Article

Is the report of widespread body pain associated with long-term increased mortality? Data from the Mini-Finland Health Survey.

Aberdeen Pain Research Collaboration, Epidemiology Group, University of Aberdeen, Scotland, UK.
Rheumatology (Impact Factor: 4.44). 05/2007; 46(5):805-7. DOI: 10.1093/rheumatology/kel403
Source: PubMed

ABSTRACT To determine whether an observation in a UK study, that persons with chronic widespread pain are at long-term increased risk of cancer mortality, can be replicated in a different setting.
Subjects were participants aged >or=30 yrs in the Mini-Finland Health Survey conducted between 1979 and 1980. Information collected included prevalent pains at different joints throughout the body, demographic, anthropometric, lifestyle and occupational factors. During follow-up, until 1994, information on vital status and cause of death was obtained.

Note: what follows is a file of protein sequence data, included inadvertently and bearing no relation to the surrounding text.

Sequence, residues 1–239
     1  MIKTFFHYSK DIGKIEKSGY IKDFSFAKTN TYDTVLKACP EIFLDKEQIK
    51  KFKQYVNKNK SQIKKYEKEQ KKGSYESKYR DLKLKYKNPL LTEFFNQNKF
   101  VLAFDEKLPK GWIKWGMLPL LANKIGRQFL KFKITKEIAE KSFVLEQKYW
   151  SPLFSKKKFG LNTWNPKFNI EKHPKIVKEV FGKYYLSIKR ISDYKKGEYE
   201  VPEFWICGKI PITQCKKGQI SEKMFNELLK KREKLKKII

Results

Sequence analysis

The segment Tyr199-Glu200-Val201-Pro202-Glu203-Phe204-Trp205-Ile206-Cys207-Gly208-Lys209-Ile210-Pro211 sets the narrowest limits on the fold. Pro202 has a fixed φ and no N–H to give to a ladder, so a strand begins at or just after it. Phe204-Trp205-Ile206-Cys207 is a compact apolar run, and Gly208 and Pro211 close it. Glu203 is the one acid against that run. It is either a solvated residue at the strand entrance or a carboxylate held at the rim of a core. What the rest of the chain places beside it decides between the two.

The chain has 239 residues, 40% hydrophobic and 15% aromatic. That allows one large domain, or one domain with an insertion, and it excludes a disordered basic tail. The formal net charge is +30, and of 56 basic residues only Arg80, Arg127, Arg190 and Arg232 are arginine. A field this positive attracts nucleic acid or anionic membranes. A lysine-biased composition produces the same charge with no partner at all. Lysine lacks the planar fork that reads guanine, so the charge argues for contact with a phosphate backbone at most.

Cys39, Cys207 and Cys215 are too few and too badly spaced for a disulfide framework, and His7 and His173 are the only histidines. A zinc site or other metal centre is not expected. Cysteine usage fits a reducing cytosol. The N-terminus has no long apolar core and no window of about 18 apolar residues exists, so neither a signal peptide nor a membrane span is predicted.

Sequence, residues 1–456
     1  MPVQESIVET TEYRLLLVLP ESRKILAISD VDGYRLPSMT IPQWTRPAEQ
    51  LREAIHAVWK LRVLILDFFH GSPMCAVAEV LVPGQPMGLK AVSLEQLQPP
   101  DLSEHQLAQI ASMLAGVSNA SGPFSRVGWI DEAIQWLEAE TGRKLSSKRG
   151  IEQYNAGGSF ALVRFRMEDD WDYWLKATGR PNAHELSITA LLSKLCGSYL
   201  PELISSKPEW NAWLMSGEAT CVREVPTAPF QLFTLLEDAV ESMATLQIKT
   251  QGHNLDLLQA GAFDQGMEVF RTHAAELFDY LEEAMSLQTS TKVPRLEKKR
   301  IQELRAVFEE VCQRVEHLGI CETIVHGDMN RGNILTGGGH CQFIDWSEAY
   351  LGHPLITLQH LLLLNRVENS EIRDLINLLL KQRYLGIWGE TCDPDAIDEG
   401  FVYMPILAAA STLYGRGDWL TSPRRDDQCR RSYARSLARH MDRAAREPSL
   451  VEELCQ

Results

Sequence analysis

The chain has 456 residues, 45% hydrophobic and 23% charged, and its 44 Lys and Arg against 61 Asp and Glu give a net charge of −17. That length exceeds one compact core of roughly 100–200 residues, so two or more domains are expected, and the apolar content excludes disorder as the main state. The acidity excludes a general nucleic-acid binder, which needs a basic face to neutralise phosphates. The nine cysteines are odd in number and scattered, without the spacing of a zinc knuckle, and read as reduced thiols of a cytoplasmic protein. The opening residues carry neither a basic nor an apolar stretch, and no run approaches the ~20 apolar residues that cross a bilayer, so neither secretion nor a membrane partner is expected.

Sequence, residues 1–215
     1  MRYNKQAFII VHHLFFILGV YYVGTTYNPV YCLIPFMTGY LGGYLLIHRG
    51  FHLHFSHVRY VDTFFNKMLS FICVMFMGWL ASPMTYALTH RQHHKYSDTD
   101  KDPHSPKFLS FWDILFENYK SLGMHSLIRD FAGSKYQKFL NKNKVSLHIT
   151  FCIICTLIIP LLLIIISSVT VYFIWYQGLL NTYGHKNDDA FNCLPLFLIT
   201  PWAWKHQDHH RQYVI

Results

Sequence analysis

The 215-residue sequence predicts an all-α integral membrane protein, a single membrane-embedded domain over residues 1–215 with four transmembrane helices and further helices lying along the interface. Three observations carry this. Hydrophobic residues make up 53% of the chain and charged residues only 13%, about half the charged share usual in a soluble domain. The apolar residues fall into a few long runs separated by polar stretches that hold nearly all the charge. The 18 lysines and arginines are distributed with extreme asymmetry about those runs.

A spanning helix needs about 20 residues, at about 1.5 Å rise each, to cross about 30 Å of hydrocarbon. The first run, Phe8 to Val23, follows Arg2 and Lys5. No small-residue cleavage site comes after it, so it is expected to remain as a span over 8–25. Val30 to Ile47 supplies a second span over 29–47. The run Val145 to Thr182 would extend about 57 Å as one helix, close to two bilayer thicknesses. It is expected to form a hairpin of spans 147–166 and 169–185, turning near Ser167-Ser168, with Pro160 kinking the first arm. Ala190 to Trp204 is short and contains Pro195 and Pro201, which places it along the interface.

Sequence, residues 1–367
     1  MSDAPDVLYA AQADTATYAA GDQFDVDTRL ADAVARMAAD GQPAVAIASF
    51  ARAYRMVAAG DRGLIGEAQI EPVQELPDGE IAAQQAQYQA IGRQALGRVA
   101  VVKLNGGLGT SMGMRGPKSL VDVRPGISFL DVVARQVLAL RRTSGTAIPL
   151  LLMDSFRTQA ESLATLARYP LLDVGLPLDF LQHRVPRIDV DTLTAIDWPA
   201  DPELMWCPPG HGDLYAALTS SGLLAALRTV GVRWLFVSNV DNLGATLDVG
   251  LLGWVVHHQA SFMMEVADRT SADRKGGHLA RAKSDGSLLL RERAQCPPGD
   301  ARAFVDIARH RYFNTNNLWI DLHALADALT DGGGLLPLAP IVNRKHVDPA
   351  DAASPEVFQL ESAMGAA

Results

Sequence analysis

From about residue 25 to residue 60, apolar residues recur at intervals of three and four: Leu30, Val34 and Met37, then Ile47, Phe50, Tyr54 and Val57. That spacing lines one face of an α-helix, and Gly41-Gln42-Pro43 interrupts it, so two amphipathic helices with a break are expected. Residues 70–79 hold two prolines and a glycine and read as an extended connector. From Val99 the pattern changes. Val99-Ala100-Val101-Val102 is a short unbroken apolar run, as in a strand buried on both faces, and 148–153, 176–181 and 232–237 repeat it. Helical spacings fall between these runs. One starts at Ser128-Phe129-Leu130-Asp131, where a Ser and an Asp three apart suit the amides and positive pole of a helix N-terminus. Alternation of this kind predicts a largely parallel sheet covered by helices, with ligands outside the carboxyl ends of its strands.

7182 persons participated (89.8%). The prevalence of widespread body pain (pain at four or more sites) was 20% in females and 12% in males, and during follow-up there were a total of 1647 deaths. The risk of death was not elevated amongst those with widespread pain [relative risk (RR): 0.86; 95% confidence interval (CI): 0.74-1.00], and in particular, those with widespread pain were at a slightly lower risk of several disease-specific causes of death and cancer death (RR: 0.64; 95% CI: 0.46-0.91).
This study of multiple pains has not confirmed a previous observation of an association between the reporting of widespread pain and subsequent increased risk of cancer death. Differences in the definitions used or, more probably, the population studied, in particular, a larger rural population with more multiple pains related to physical activity may account for the differences.

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